Multiple ovulation effect

The overall MO rate in mares without secondary luteal structures was 51% much higher than has been previously reported at this Clinic or in other studies including 3 (5.3%) triple ovulations. The peak incidence (of 60%) was from April to August as has been previously reported, but much higher than previously reported.


This study is based on retrospective data recorded from the observations of a single practitioner over many years. Evidence that mares retained the pregnancy with only the corpus luteum verum without any secondary ovulations or luteinisation was based solely on those observations. Whilst the number of follicles which ovulated at and just after oestrus was verified by the number of CLs observed at several post-ovulation observations, the possibility of an unobserved ovulation at a later date, and especially from the less frequent observations made after 50 days, could not be ruled out. However the instances where one CL had disappeared only to be observed again later were few and the instances where the missing CL was not rediscovered only 2.9%. Similarly, where there appeared to be an ‘extra’ CL from an unobserved ovulation were very few provided that the original number were found at a later observation. Where the ‘extra’ CL continued to be found, then the pregnancy was discounted from the nil group. Therefore the author believes the data to have a high degree of accuracy.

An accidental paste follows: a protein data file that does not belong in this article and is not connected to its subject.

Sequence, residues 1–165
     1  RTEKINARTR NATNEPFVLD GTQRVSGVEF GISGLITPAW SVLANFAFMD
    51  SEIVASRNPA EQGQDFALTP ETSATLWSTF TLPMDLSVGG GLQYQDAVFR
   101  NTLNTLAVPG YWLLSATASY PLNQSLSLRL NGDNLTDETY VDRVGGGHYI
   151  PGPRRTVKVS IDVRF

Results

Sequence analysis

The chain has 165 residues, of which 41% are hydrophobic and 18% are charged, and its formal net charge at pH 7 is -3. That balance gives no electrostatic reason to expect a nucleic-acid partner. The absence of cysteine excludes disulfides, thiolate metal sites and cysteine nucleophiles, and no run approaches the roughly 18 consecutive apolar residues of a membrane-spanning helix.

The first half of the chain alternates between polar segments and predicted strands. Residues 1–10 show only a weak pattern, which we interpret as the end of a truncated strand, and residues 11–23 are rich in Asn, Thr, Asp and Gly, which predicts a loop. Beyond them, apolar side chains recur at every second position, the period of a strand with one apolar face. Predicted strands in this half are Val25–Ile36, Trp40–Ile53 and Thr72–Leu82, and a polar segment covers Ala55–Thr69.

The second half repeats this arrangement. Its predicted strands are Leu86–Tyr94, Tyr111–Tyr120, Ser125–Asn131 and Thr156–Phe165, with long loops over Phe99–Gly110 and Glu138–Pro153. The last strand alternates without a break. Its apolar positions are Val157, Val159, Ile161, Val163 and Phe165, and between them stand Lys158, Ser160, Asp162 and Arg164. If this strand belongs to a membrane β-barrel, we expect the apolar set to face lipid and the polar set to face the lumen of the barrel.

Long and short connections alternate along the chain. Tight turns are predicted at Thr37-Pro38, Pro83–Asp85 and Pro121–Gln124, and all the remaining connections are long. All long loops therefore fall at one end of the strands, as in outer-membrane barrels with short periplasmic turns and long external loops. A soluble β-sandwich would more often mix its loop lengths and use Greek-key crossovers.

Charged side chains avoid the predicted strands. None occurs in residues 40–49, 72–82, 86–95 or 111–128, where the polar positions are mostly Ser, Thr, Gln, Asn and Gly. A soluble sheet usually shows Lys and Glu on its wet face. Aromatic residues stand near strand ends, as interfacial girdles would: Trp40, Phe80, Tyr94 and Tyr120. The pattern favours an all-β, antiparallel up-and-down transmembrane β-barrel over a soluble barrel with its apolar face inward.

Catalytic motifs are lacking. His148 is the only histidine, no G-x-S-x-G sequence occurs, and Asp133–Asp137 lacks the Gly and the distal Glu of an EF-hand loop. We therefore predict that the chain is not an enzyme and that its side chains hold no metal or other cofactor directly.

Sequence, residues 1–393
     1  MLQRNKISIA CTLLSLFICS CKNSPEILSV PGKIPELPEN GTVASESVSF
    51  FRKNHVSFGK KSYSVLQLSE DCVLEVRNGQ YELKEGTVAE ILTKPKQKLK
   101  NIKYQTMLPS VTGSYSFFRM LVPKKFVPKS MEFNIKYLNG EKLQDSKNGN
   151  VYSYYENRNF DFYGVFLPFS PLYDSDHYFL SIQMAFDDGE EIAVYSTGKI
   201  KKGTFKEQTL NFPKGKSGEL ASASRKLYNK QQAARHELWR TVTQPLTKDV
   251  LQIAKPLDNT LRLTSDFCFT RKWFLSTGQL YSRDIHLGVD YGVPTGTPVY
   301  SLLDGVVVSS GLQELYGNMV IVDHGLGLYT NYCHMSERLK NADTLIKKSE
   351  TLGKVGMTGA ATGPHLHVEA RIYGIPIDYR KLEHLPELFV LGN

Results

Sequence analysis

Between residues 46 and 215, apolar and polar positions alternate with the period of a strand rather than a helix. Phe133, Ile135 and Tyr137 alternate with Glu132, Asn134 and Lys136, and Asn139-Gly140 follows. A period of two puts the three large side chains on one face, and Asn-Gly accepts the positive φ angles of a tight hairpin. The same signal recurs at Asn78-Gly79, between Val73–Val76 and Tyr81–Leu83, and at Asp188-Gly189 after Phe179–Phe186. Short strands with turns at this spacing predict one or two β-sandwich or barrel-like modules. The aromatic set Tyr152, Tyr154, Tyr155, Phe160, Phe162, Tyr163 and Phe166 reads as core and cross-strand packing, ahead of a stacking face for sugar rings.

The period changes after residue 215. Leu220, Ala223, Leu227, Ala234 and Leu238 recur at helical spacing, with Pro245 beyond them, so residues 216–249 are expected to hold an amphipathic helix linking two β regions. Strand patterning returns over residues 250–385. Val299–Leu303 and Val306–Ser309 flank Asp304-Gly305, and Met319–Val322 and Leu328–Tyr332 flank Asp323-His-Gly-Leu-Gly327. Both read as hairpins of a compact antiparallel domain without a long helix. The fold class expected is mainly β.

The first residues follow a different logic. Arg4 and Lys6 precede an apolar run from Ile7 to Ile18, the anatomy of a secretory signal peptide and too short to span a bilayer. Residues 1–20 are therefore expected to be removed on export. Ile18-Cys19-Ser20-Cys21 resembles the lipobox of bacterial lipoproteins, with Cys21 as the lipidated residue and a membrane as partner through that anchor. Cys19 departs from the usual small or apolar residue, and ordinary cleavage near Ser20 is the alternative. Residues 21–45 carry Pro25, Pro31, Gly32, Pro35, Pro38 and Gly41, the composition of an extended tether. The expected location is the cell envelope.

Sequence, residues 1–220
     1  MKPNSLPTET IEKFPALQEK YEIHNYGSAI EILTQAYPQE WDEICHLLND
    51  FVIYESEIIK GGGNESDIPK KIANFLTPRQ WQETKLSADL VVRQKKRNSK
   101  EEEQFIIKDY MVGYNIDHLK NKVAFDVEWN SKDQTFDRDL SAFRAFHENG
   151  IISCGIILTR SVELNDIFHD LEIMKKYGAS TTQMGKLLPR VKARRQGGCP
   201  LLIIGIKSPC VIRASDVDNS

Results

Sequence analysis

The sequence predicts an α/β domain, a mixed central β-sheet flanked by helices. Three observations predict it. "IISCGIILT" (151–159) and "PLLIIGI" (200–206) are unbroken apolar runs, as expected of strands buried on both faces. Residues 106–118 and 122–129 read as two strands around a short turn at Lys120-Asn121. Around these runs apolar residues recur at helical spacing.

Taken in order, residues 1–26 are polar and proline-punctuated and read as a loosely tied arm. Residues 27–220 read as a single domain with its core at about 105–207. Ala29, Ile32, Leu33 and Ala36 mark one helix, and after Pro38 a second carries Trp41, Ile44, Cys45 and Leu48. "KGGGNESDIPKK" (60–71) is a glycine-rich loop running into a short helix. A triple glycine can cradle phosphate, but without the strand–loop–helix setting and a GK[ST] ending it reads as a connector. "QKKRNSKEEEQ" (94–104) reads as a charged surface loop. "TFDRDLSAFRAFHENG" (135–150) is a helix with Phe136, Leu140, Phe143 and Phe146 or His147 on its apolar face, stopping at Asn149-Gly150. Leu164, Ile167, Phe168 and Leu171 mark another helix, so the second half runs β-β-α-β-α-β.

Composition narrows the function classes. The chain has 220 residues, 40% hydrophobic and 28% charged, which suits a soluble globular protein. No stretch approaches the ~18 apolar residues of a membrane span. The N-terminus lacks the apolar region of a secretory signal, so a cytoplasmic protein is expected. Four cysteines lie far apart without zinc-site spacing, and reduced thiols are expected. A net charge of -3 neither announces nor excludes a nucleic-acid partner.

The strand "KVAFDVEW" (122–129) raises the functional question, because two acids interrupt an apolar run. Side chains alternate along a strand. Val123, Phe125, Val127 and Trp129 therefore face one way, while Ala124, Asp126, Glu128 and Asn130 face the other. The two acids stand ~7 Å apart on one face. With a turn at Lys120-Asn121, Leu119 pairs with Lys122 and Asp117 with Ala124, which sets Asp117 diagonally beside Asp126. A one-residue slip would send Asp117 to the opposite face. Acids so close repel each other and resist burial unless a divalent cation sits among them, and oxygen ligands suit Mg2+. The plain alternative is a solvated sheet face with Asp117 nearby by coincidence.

The study suggests that the CL verum visibly persists in the ovaries of pregnant mares long after placental P4 is sufficient to take over that role and much longer than has been previously reported. The CL verum and any other CL/LF were progressively absent from about 100 days. The last positive observation was at 167 days. However its visible presence as in this study, is not proof that any luteal structure is still secreting P4. The rapid disappearance of a visible CL, soon after PGF2a was given at 107 and 122 days does suggest functionality up to that time.